Vol 78, No 4 (2007)

open access

Page views 784
Article views/downloads 1091
Get Citation

Connect on Social Media

Connect on Social Media

The analysis of risk factors for fetal macrosomia and the complications in the course of pregnancy and delivery of macrosomic baby

Małgorzata Kowalska, Lidia Hirnle, Anna Petrus, Grzegorz Hirnle, Mariusz Zimmer
Ginekol Pol 2007;78(4).


Newborns weighing 4000g or heavier, are defined as macrosomic. Objectives: The puprose of this study was to present the risk factors of macrosomia, the course of pregnancy and the frequency of maternal outcomes associated with the delivery of macrosomic fetuses. Materials and Methods: The retrospective analysis included 670 gravidas hospitalized at The Department of Reproduction and Obstetrics, Medical University of Wroclaw, between 1999 and 2004, who delivered babies weighing at least 4000g. Results: The majority of macrosomic neonates (80%) were given birth to by women over the age of 25, who gained over 15 kilos in the course of the pregnancy. Macrosomy tends to affect primiparas most frequently. The medium duration of macrosomic pregnancy was 40,61 +/-1,15 weeks. The percentage of deliveries by cesarean section amounts to 38,5%. Vaginal deliveries are burdened with significant risk of maternal complications. Conclusions: Women over 30, medium height or tall, who gain over 15 kilos during the pregnancy, tend to deliver macrosomic babies. Multiparas who had given birth to the marosomic babies once before, are predisposed to deliver macrosomic neonate in the following pregnacy. On the basis of our studies, we have determined 4kg as a borderline birth weight for increased frequency of parturient canal injuries.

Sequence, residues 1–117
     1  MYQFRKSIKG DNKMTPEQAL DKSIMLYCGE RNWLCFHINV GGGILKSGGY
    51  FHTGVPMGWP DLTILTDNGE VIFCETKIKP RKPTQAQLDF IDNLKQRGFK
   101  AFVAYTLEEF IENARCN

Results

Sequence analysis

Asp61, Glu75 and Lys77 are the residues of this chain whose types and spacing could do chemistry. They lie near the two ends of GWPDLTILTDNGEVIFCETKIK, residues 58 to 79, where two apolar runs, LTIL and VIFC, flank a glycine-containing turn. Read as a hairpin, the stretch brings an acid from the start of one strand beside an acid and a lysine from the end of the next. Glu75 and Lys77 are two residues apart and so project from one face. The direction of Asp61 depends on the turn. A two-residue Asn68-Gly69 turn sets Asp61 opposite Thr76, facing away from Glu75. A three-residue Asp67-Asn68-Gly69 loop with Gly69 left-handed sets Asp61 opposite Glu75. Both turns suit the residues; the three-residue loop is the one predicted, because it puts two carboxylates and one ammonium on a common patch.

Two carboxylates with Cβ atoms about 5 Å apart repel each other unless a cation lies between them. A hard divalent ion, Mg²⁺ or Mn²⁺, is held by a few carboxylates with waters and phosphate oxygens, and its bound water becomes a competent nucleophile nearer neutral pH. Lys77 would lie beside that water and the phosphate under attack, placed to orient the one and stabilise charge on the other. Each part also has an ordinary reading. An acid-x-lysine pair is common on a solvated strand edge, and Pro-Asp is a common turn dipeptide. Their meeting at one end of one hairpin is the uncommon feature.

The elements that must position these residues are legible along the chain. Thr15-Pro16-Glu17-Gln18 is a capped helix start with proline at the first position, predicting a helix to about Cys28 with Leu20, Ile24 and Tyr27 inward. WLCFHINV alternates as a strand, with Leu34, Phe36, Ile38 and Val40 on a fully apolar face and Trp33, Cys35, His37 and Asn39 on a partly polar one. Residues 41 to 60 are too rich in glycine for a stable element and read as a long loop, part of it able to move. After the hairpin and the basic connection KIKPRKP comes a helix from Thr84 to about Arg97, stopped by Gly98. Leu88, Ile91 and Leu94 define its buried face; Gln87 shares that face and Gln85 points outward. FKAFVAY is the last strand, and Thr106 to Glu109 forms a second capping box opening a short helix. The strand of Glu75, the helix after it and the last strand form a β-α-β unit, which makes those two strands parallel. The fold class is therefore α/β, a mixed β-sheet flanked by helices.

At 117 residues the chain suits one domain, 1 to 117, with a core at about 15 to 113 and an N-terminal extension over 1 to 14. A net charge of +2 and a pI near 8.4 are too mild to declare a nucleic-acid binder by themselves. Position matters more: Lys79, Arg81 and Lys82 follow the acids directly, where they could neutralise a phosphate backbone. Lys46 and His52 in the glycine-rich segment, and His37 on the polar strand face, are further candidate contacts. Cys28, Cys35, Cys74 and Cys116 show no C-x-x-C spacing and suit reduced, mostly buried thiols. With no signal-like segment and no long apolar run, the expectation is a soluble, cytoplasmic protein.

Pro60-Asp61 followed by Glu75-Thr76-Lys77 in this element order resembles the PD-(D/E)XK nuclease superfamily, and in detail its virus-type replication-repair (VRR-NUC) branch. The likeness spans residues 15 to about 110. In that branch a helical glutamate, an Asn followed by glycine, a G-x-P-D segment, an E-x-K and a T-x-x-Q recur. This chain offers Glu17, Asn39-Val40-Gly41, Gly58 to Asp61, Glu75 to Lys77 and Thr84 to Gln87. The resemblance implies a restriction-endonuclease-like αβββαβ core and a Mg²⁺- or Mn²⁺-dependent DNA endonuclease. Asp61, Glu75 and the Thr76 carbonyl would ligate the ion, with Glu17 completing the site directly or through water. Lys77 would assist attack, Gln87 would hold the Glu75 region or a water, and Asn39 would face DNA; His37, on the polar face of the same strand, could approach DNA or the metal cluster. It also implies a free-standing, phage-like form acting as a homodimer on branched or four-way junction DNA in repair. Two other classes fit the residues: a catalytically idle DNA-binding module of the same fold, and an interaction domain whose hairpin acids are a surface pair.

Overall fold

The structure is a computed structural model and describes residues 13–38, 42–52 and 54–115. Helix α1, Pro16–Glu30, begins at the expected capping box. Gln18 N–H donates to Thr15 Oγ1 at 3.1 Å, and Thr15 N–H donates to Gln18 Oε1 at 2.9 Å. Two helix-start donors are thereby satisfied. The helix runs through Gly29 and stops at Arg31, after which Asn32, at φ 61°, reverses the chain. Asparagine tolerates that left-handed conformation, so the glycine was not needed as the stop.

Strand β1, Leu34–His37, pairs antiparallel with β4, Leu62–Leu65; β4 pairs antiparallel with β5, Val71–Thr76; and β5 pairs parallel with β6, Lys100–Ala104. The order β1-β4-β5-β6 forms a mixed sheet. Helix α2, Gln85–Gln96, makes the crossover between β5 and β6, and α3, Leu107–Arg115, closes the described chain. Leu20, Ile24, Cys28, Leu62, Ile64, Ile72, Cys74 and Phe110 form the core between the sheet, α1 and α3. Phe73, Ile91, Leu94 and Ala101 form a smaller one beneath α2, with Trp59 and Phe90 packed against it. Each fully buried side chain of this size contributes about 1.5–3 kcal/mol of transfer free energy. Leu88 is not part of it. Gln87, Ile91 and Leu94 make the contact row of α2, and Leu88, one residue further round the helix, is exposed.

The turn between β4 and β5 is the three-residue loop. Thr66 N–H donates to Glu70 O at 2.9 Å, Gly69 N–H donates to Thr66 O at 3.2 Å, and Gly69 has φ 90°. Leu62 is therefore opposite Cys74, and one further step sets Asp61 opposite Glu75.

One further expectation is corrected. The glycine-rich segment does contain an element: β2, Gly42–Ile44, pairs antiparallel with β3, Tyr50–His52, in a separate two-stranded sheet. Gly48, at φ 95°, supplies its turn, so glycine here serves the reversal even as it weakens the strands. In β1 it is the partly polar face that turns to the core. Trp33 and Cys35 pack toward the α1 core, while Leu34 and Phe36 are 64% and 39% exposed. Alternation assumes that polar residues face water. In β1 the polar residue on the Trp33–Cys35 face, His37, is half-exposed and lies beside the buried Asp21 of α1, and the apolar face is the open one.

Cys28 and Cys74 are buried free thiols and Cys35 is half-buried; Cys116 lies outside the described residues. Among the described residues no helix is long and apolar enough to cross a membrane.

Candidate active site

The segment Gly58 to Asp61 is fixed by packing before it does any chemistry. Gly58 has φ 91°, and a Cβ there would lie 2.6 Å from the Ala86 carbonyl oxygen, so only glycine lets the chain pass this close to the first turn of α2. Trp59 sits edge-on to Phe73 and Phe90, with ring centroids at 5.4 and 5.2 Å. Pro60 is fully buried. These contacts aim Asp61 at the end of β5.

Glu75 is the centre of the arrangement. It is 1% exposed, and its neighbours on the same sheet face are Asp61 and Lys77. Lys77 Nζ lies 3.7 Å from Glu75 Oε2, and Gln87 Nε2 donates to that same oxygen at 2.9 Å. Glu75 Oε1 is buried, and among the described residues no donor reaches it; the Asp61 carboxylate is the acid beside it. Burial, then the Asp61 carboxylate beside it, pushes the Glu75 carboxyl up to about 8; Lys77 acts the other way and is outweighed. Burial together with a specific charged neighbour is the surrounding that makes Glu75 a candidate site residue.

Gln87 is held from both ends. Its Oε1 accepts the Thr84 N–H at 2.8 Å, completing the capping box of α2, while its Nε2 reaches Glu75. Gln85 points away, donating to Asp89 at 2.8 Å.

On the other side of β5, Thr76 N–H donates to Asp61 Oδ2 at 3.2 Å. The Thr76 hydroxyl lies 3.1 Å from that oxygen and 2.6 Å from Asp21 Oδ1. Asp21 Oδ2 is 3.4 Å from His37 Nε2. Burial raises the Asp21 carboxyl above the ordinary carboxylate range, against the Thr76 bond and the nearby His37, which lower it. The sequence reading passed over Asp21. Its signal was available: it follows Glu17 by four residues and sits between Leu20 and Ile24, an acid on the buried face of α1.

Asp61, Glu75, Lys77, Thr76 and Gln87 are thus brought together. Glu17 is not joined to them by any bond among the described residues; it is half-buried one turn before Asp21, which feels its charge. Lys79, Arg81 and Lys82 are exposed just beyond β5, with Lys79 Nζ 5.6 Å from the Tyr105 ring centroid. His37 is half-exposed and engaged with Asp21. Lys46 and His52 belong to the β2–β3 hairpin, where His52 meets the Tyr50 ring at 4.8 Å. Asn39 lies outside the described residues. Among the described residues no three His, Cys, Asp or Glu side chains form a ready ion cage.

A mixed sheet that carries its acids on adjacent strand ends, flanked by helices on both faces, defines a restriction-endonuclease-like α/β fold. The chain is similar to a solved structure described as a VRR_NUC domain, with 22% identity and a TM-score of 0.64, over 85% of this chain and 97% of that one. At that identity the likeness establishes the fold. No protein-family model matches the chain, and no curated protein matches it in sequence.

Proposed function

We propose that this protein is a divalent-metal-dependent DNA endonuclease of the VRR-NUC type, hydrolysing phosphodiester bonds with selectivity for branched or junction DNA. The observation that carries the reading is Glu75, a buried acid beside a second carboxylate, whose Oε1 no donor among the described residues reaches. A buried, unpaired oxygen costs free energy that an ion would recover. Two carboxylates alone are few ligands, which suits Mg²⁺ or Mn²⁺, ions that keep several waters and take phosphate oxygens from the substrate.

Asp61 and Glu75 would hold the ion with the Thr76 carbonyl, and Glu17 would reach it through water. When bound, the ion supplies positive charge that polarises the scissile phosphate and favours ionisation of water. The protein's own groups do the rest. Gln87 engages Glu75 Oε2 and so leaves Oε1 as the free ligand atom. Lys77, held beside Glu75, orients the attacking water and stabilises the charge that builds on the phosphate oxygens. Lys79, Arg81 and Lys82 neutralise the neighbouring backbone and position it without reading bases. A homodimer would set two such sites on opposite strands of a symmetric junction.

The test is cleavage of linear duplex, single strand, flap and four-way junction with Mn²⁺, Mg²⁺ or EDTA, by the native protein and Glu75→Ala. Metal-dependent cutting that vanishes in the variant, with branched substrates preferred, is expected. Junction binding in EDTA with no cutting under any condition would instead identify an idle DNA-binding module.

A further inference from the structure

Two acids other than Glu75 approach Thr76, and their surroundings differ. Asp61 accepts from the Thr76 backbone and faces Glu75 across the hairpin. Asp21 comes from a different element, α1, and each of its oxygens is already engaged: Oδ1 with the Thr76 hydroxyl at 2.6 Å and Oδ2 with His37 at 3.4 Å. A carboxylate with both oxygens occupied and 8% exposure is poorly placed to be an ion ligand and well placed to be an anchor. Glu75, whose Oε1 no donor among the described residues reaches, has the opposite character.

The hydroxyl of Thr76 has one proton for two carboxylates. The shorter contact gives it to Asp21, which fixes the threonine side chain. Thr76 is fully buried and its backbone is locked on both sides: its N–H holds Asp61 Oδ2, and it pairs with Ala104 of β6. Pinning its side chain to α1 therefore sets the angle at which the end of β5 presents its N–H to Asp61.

Article available in PDF format

View PDF Download PDF file